Teahna Daniels

Donavan Brazier, after another U.S. 800m record, looks to David Rudisha

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NEW YORK — Donavan Brazier lowered the U.S. indoor 800m record again at the Millrose Games, but he’s hoping later this year to achieve a career first: line up in a race with David Rudisha.

Brazier, who won the world outdoor title in 2019 to stamp himself as Tokyo Olympic favorite, clocked 1:44.22 at the Armory in New York City on Saturday. He previously lowered a 26-year-old American record at last year’s Millrose Games, when he ran 1:44.41.

“When I saw the clock going 1:42, 1:43, I was like, oh, I have a chance,” Brazier said Saturday. “To get it by point-two seconds, there’s really not much room for error there.”

Brazier wasn’t the only American record-breaker Saturday. Ajee Wilson lowered her national 800m record from 1:58.60 to 1:58.29. Elle Purrier took down Mary Slaney‘s 37-year-old U.S. indoor mile record, clocking 4:16.85, the world’s second-fastest time in history.

Full Millrose Games results are here.

The indoor season wraps up with the USA Track and Field Indoor Championships in Albuquerque next weekend, airing on NBC Sports. The world indoor championships, traditionally in early March, were postponed due to the coronavirus in host nation China.

Indoor success is fantastic, but in an Olympic year the focus is outdoors. Last Oct. 1, Brazier broke a 34-year-old American outdoor record to become the first U.S. man or woman to win a world 800m title.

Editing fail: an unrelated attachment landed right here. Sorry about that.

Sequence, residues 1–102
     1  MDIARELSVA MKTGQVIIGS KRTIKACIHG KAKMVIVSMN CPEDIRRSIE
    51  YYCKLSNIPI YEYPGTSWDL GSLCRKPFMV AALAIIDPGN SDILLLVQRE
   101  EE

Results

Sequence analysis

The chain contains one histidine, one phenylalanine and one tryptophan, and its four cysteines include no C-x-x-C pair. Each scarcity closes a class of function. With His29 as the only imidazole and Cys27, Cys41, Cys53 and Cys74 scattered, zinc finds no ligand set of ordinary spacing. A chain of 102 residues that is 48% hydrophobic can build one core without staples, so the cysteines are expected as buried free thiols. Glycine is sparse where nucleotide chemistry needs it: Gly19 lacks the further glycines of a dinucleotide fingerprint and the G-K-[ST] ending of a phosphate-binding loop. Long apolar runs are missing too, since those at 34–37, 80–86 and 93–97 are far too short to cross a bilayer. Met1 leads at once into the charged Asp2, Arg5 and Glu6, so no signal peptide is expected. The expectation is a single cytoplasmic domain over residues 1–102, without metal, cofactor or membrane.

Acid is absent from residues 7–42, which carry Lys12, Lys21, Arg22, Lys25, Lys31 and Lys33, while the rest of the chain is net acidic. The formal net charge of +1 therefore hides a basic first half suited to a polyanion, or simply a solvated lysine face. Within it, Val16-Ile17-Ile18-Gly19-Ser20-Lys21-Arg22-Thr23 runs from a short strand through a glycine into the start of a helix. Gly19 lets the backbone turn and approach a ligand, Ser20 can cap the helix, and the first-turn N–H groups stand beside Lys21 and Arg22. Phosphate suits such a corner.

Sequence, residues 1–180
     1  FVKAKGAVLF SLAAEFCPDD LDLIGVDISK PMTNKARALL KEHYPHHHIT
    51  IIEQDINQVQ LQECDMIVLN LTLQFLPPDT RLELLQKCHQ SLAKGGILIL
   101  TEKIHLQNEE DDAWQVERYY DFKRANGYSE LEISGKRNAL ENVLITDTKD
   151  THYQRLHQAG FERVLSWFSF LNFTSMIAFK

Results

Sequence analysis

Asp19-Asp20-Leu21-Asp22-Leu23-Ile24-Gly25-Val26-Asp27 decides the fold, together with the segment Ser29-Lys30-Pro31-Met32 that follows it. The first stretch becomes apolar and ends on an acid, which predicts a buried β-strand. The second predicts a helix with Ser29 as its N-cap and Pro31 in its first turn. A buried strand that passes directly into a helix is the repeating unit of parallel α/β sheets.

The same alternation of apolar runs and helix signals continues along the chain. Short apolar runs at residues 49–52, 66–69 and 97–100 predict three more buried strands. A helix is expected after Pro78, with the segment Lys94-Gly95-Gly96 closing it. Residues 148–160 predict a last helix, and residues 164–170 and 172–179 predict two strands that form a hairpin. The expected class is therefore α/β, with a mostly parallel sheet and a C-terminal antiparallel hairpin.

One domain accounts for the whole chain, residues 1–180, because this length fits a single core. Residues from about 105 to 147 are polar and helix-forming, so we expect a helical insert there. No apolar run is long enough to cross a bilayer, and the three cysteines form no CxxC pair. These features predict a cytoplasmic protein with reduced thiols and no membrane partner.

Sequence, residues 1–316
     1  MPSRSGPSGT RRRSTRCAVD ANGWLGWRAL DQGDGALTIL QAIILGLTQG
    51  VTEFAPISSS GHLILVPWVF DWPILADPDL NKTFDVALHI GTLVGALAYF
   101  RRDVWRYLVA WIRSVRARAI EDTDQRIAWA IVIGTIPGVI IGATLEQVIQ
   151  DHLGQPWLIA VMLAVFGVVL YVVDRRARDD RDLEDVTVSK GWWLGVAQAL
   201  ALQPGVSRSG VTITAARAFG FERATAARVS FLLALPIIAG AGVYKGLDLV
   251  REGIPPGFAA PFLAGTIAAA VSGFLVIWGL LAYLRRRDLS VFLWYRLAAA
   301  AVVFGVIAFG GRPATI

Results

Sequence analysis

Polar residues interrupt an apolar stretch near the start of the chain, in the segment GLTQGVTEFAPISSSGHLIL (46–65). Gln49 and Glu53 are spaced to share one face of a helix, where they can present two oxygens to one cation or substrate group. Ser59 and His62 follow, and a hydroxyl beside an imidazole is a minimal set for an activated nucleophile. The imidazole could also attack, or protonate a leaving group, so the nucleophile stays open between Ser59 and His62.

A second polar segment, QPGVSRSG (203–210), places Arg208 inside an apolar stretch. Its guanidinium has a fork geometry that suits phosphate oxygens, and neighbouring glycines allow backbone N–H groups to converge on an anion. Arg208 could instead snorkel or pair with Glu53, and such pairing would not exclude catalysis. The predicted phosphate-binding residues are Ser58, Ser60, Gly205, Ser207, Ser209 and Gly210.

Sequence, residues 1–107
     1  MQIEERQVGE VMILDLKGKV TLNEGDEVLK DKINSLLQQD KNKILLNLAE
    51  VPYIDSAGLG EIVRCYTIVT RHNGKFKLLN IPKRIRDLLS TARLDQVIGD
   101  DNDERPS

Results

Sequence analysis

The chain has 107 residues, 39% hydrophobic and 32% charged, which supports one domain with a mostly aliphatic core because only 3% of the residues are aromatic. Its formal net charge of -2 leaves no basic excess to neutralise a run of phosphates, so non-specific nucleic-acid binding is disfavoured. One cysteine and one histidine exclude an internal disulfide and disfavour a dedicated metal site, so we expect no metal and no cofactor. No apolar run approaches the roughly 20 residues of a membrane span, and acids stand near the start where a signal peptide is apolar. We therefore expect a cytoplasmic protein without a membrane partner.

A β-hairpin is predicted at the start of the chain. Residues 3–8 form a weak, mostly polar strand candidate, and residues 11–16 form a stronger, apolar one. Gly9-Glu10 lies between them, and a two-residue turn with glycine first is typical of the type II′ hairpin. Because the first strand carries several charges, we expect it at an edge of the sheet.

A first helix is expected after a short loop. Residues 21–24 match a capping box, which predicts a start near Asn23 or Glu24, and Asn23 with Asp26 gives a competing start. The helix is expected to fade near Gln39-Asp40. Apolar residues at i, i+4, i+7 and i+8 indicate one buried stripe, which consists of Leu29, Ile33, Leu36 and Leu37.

It came in the absence of Rudisha, the 2012 and 2016 Olympic champion and world-record holder who hasn’t competed since 2017, partly due to injury. Rudisha’s 2012 Olympic title, when he set the outdoor world record of 1:40.91, is considered by many the greatest race in the sport’s history as he carried the rest of the field to the fastest times in history for each placement.

Brazier, who was 15 in 2012, said he couldn’t remember watching that final live. But he said he’s watched it dozens of times on replay, more than any other race.

“It’s a work of art,” Brazier said. “He was probably in sub-1:40 shape.”

Brazier can’t fathom running as fast as Rudisha, whose world record is 1.43 seconds faster than Brazier’s American record. But he’s carried a simple mindset since being eliminated in the first round of the 2016 Olympic trials, when he was ranked third in the world for the season as a college freshman.

“If I can work as hard as I was the year before, I’ll just naturally get faster,” said Brazier, who last year ran the fastest indoor 600m in history, in addition to breaking the U.S. indoor and outdoor 800m records.

The success puts pressure on Brazier to become the first American to win an Olympic 800m title since Dave Wottle did so wearing a hat in Munich in 1972.

“I think the target’s on my back just because I won 2019, but it’s definitely not as big of a target as [Rudisha] had on his back post-2012,” Brazier said. “I’m not thinking that I’m like this David Rudisha takeover because I’m not really damn near close to his times, but I think, for now, I’ve got that small target on my back. I guess I’m just trying to make it as big as possible.”